Sunday, January 10, 2016

Dirty Feet

Today I taught the children at our church about Jesus washing the disciple's feet. In America today the need for foot washing is not as obvious as it was in Jesus' time. Many children's Bible storybooks feel the need to explain the need for foot washing. Here in rural Uganda, the need is obvious. The combination of dirt roads and foot paths, along with most people wearing sandals and some not having shoes at all, makes for some very dirty feet! Sometimes when I help Ezra really scrub and soak one of his feet after a day of play, it appears as if his two feet are from two different people.

As I was thinking about the lesson, I decided that the best way to teach this lesson is to do just what Jesus says in John 13:14 and 15, "If I then, your Teacher and Lord, have washed your feet, you also ought to wash one another's feet. For I have given you an example, that you also should do just as I have done to you." So I decided that we would wash one another's feet in Children's Church today. 

Sometimes the logistics of making an idea like this happen are a bit complicated. First of all, we don't have water at the church. We needed to bring several containers filled with water in addition to washing basins, soap, scrub brushes, soap and towels. We also needed to plan activities for the rest of the kids to do while we were washing the feet of the others. Since repeating and memorizing is a common activity in schools I decided I would have the helpers work with the children on memorizing a verse about Jesus. They practiced reciting Matthew 20:28 in English and in Luganda. The verse is when Jesus says, "even the Son of Man did not come to be served but to serve and to give his life as a ransom for many." I also wanted the children to be able to trace their feet on a piece of paper to help remember the lesson, so we needed to bring paper and make sure we had crayons at the church.

As I was setting up the children's church classroom, some children were walking by to fetch water for their families. I invited them to come back after taking the water home and told them that I would wash their feet. I am pretty sure I used the right words in Luganda, but the girl replied saying that she would go home, wash her feet and then come to church. I explained that I did not want her to go home and clean herself first. I just wanted her to come and I would wash her feet. She said that she would come after fetching some more water. When she came back, I saw that she had washed her feet and legs. I realize that there are language and cultural barriers that would prevent this girl from understanding what I was saying. Being clean is very highly valued here. Also in a hierarchical culture like this one, it is unlikely that an adult, particularly one in clean clothes, would want to wash your dirty feet. In Uganda, schools actually send kids home if they are not "smartly dressed" and having good hygiene. We have some kids who live here at GSF who were sent home from secondary schools because their nails were not clipped and another time because their heads were not shaved.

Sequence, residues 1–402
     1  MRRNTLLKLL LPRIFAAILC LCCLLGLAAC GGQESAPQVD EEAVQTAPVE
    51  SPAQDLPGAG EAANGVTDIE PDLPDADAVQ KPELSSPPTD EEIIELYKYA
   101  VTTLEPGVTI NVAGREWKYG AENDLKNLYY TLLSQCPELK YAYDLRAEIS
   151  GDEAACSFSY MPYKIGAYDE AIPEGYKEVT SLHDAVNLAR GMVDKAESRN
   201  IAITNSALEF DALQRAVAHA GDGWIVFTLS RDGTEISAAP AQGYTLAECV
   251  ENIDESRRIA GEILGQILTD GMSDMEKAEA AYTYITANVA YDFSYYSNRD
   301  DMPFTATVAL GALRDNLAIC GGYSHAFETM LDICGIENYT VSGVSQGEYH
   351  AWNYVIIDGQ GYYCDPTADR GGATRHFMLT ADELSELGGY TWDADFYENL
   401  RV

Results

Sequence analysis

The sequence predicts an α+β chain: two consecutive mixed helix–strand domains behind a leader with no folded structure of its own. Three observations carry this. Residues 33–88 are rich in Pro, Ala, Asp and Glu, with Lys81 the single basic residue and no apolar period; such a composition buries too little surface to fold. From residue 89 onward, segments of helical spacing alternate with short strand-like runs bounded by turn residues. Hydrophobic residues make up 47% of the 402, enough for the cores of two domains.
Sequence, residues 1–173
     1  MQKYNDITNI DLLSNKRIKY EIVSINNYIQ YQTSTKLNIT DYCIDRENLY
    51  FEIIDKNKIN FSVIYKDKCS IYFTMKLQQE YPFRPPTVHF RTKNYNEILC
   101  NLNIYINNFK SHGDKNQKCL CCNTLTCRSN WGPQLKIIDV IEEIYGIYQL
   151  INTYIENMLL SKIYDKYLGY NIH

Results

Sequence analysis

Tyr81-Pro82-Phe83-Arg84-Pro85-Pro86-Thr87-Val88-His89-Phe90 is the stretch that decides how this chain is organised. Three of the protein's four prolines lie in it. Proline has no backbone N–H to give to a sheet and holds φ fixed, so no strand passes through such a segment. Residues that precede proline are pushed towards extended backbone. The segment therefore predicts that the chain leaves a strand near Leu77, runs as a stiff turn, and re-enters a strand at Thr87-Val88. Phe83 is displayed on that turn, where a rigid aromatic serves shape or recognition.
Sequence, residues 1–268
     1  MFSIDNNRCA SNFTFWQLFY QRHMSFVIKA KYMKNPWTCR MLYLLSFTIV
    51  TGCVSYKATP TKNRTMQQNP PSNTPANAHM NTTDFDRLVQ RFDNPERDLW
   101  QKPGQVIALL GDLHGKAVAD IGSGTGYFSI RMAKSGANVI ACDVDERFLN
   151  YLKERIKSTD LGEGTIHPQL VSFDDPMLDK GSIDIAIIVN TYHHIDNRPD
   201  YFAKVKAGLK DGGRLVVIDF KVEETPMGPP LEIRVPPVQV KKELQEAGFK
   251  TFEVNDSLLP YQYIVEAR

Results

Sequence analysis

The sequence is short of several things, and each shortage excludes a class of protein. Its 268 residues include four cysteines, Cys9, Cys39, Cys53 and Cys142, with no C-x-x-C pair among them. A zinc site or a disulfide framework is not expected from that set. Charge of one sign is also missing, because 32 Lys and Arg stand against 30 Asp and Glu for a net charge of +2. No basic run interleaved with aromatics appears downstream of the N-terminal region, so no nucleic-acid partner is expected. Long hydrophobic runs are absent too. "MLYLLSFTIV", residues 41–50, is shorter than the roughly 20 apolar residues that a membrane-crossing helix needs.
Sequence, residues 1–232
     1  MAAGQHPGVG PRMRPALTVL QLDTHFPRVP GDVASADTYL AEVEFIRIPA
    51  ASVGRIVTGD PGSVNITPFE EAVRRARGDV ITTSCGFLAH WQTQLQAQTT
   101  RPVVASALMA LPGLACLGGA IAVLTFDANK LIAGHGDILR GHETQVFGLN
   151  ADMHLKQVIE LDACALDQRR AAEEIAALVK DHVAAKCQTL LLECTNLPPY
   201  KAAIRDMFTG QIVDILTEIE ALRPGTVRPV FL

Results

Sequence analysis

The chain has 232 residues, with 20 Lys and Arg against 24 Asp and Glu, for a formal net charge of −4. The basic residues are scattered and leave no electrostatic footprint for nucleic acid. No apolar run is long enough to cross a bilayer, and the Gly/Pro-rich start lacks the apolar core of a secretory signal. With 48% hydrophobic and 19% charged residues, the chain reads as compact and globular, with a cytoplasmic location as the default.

As I was washing the little girl's feet after she had already washed them at home, I thought about how we all want to clean ourselves up before coming to the church or even to God. We feel like we need to get our act together, then we can come to Jesus. But Jesus never said anything like that. Instead he took off his outer garment, wrapped himself in a towel, and knelt down and washed the disciples dirty, stinky feet. I'm sure that a lot of that mud ended up on him. (I definitely went home and quickly took a shower afterward today!) Then the next day Jesus went and was crucified for all of the dirty, sinful, broken people like me. Jesus doesn't want me to try to atone for my own sin. He has done that for me. He just wants me to let Him wash me. I also don't need to come to God's people pretending that I have it all together, pretending my feet are clean. I don't need to make sure I am looking just so. Instead I need to just be willing to come with my dirty feet, trusting that only He makes me clean. 

No comments:

Post a Comment